Research by Professors Andrew F. Cooper and Bessma Momani published in Global Governance focused on the evolution and impact of the Global Governance Group as a mechanism for linking G-20 and non-G-20 states and enhancing the legitimacy and potential effectiveness of the G-20 on the global stage. This research provides valuable insights on questions of how the workings of international institutions can be improved and also on how small states can gain influence in these institutions both symbolically and instrumentally.
Policy implications of research:
- New informal groups such as the 3G, made up of coalitions of small states, signal a shift, however subtle, in global governance.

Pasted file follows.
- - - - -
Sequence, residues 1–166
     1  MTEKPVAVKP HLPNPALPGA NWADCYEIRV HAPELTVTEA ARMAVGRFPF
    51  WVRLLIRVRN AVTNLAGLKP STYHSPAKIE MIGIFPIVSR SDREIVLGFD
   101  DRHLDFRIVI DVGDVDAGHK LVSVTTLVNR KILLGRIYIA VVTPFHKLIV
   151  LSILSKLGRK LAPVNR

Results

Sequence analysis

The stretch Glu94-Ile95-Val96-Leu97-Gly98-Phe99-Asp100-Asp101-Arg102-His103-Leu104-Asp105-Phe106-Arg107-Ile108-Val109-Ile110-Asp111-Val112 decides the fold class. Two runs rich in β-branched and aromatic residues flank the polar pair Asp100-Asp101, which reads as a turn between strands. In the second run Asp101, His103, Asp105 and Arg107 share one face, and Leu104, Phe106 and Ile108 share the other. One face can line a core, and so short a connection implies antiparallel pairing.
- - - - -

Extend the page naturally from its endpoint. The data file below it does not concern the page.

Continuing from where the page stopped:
- Over the long term, the inclusion of small state coalitions provides necessary legitimacy to organizations.
- For states which feel excluded from international processes, the best approach for influencing the system may be via engagement rather than confrontation.
- In addition to the cooperative approach, the experience of the 3G suggests that there is significant utility in framing the engagement in technical and procedural terms rather than political ones.